50T Combo vs. 40T all purpose - Woodworking Talk - Woodworkers Forum
 
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post #1 of 9 Old 10-14-2009, 01:18 PM Thread Starter
ACP
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50T Combo vs. 40T all purpose

Got two questions for you folks. I have a Ridgid 3660 TS and I currently have a couple of budget blades. I am on a budget as this is a hobby for me, not a profession. I have the Ridgid 50T combo, a Hitachi 40T and Ridgid 40T all purpose and a 60T Freud for my miter saw. I like the 50T blade but have found I tend to get burns with it but not with my 40T blades. It is probably my feed rate, but I am not seeing an advantage on my crosscuts with the 50T. As a result it is hanging and I am using my cheapo Ridgid that came with it or my cheapo Hitachi blade. I would like to upgrade to a blade in the 50-75 dollar range. Does anyone else prefer a 40T over a 50T combo? Am I wrong here? I don't have a dial indicator to check my TS, but I square it up with a good combo square and I believe it is keyed in good. My other part to this is a sharpening question. These budget Freud and Ridgid blades have the carbide teeth. When they dull are they able to be sharpened? Or maybe more accurately are they worth sharpening over just getting a new one? Thanks for any input.
-Adam
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post #2 of 9 Old 10-14-2009, 01:49 PM
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Don't know

ACP,
I was at a woodcraft store yesterday and seen a Forrest woodworkerII blade, for $75.00 but only had 20T, but the teeth are C4 carbide. I had a forrest blade on my old TS and loved it. But 20T ?????? might get some feedback on this blade on how it performs, or go online and check out some reviews. As far as quality i think forrest is top notch blades. If your feedback is on the positive side i will probably go over the pick-up the blade i just mentioned. OMT the forrestblades are not a blade you just take anywere to have sharpened, forrest recommends you send them back to them to sharpen.

Last edited by garryswf; 10-14-2009 at 01:54 PM.
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post #3 of 9 Old 10-14-2009, 03:40 PM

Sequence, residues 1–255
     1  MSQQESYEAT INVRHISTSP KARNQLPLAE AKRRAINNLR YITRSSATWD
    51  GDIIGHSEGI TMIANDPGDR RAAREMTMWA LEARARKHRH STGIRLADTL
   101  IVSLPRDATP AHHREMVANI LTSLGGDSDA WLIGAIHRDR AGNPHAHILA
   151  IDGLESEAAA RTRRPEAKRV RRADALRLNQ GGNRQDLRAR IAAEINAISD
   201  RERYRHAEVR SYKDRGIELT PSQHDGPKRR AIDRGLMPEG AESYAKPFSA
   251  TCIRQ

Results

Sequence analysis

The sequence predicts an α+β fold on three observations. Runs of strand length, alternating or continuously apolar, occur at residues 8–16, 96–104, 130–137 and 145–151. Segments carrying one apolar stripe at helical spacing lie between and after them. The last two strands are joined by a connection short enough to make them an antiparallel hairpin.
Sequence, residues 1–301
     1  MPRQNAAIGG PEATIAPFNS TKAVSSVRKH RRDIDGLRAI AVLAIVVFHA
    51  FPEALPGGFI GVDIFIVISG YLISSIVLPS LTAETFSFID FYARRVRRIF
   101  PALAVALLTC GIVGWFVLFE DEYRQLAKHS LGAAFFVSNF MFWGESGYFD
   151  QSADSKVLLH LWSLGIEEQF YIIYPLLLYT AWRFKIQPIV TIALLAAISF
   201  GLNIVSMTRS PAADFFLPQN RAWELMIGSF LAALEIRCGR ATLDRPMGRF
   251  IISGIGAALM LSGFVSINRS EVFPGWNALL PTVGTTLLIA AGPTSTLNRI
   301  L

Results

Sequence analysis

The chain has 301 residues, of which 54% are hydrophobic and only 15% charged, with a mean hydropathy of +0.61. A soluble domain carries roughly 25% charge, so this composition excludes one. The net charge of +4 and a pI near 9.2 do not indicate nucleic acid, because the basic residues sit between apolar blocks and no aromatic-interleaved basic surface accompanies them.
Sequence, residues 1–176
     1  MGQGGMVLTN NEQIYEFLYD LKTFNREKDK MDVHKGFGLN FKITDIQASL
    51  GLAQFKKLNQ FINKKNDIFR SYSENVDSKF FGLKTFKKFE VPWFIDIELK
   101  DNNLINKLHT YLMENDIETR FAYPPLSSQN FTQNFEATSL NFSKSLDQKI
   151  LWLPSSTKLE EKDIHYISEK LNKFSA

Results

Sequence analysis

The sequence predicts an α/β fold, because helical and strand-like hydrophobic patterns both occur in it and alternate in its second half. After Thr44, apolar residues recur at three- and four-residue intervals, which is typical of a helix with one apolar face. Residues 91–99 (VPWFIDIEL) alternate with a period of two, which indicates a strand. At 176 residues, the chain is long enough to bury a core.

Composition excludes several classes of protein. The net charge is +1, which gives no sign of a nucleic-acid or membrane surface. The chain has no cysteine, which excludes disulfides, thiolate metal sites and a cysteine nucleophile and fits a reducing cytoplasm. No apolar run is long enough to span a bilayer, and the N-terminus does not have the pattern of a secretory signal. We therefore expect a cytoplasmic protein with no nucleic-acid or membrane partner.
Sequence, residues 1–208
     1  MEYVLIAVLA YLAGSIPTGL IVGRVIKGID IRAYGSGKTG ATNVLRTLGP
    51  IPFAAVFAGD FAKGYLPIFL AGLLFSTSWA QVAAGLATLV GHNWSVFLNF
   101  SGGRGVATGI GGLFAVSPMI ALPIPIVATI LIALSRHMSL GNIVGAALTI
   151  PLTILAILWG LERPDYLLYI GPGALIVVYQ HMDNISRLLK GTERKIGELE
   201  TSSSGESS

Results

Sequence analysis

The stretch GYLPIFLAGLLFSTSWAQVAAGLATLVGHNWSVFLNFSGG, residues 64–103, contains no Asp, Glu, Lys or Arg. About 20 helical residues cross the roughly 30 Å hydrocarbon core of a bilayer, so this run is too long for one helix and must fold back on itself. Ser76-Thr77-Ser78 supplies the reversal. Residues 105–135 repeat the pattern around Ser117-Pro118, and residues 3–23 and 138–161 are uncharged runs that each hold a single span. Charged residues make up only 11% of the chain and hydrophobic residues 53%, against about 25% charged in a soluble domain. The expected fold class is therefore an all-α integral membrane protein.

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At the risk of oversimplfying

Here's my opinion: 20T -30T is for ripping....40T -50T general purpose and combination when only one blade will do.... 60T-80T and more for crosscuts with table saws and miter saws and laminates.
I found the best bang for the buck is a $30.00 40T Freud Diablo from the HD. Cuts clean fast and easy, with a thin kerf. I bought 2 because I couldn't believe the first one cut so well. I'll leave it on until it wears out or begins to change it's performance.
I have all sorts of other blades from $120 WW2 to the Irwin contractor 40T, but for the money this is a great blade. bill
knotscott is the Blade Master and I'm sure he will post a lengthy and informative dissertation of this....scott?

The answer to your question will only be as detailed and specific as the question is detailed and specific. Good questions also include a sketch or a photo that illustrates your issue. (:< D)

Last edited by woodnthings; 10-14-2009 at 03:42 PM.
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post #4 of 9 Old 10-14-2009, 04:47 PM
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Adam - I've got both 40T ATB general purpose blades and 50T ATB/R combo blades that are pretty much intended for the same range. Number of teeth is only one factor, but in general, I do find that the best of the 40T blades tend to leave a slightly cleaner cut and rip more efficiently than my 50T ATB/R blades but there are exceptions galore, so you can't make the generalization that 40T blades are better than 50T. All blades are not created equal, and a lot of it's subjective...there is no "Best" for everyone and every situation.

The burning could be cause by a dirty blade, too many teeth for the task, too slow a feedrate, a dull blade, and some woods just burn more easily than others. Some blades have a tighter side clearance angle too, which gives a more polished edge but can also have a greater tendency to burn. You can try raising the blade just a bit higher to help reduce burning. Higher quality blades are definitely worth sharpening. Keep them all clean.